Yesterday, the National Security Archive (NSA) released a 3 page pre-war Pentagon memo and an accompanying slideshow presentation that revealed the Bush administration’s desire to create a “Rapid Reaction Media Team” (RRMT) to control major Iraqi media while providing an Iraqi “face” for its efforts.
Both the memo and the slide presentation were prepared by two Pentagon offices: 1) The Special Operations and Low-Intensity Conflict, which specializes in psychological warfare, and 2) The Office of Special Plans under then undersecretary of defense for policy, Douglas Feith. The memo explained the mission of the rapid response teams as follows:
After the cessation of hostilities, having professional U.S.-trained Iraqi media teams immediately in place to portray a new Iraq (by Iraqis for Iraqis) with hopes for a prosperous, democratic future, will have a profound psychological and political impact on the Iraqi people. […]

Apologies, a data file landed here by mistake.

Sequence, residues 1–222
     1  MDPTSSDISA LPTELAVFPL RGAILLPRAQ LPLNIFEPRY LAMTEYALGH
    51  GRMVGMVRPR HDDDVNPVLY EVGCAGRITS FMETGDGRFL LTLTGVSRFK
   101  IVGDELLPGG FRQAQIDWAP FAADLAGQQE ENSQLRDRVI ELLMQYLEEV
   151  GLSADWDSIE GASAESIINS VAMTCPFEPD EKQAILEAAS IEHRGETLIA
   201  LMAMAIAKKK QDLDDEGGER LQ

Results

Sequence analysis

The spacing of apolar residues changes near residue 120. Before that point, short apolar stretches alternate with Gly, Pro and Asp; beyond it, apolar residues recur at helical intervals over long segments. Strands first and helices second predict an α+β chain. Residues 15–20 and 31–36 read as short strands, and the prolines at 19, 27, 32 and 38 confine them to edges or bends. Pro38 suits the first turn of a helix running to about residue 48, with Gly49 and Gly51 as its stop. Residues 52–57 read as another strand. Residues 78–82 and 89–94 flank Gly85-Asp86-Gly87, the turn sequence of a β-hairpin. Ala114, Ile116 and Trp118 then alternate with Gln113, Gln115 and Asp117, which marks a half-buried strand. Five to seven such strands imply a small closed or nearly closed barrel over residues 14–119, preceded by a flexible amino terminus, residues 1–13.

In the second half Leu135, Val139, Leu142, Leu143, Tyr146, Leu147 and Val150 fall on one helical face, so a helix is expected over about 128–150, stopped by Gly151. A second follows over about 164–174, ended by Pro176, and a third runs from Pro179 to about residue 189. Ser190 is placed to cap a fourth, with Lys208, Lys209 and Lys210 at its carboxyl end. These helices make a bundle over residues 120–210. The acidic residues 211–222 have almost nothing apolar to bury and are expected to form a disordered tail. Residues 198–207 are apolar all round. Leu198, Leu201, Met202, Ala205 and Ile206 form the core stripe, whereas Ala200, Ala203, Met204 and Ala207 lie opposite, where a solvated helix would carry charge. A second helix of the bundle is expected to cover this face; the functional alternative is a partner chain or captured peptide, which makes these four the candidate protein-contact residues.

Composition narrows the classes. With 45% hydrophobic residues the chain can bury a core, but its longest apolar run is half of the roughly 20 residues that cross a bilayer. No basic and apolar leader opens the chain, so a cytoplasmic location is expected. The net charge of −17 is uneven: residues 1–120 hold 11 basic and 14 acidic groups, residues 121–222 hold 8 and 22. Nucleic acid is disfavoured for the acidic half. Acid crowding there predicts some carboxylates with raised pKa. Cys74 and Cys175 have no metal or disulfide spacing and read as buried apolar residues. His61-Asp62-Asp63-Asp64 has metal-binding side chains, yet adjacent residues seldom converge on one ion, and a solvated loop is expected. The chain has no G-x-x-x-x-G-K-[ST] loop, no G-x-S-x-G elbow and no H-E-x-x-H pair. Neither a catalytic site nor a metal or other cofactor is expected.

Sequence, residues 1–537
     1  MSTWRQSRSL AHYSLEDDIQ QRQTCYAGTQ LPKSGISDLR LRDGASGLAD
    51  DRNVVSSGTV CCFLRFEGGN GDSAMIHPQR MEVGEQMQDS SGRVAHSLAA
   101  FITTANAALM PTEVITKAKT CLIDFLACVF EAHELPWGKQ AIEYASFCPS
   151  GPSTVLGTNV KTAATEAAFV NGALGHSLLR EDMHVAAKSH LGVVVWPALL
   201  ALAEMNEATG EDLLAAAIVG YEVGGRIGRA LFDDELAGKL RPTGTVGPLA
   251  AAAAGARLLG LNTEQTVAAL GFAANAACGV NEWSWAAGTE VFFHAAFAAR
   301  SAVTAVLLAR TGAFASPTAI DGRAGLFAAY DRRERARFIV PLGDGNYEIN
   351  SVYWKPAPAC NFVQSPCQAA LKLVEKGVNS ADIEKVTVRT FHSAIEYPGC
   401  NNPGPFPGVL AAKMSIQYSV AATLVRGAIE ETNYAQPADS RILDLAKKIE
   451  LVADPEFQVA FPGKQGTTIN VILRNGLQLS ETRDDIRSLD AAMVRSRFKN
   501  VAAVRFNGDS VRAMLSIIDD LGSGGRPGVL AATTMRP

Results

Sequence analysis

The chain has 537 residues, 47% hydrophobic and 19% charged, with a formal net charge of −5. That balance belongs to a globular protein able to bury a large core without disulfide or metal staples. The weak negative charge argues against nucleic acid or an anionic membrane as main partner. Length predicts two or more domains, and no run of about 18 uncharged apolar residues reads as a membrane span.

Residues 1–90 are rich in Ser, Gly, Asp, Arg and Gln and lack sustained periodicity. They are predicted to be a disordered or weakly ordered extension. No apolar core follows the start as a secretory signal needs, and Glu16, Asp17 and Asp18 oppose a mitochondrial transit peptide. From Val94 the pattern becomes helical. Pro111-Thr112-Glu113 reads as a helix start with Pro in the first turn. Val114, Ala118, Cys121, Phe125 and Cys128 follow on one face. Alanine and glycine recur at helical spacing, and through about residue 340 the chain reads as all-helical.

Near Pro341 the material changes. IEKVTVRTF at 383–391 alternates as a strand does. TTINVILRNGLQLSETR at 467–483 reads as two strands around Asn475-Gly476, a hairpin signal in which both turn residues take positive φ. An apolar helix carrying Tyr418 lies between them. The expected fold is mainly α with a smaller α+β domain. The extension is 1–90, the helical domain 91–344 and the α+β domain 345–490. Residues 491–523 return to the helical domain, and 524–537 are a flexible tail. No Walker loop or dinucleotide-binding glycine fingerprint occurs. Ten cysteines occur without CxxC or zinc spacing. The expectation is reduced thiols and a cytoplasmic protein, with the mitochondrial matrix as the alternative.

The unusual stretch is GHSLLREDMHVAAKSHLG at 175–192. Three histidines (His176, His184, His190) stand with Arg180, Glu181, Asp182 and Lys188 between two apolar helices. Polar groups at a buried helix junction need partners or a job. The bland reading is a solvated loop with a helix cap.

In addition, a re-constituted free Iraqi domestic media can serve as a model in the Middle East where so much Arab hate-media are themselves equivalent to weapons of mass destruction.
The memo envisioned deploying a team of U.S. and U.K. media experts with a team of “hand selected” Iraqi media experts to “communicate immediately with the Iraqi public upon liberation of Iraq.” These Iraqi experts would “train the Iraqi broadcasters and publishers (‘the face’) for the USG/coalition sponsored information effort,” while an “ensuing ‘strategic information campaign‘ would be part of a ‘likely 1-2 years…transition’ to a representative government.”
UPDATE: The January 2003 Pentagon White Paper:
UPDATE II: Inter Press Service’s Jim Lobe reports, “The NSA Tuesday also released an audit by the Pentagon’s Inspector-General regarding two dozen, mostly non-competitive contracts totalling 122.5 million dollars awarded by the defence department to three defence contractors that carried out media-related activities in Iraq after the invasion.” Those contractors included the Rendon Group, the Lincoln Group, and Scientific Applications International Corporation (SAIC), the same company that employed World Bank communications staffer Shaha Ali Riza. SAIC has said it was directed by Doug Feith to hire Riza.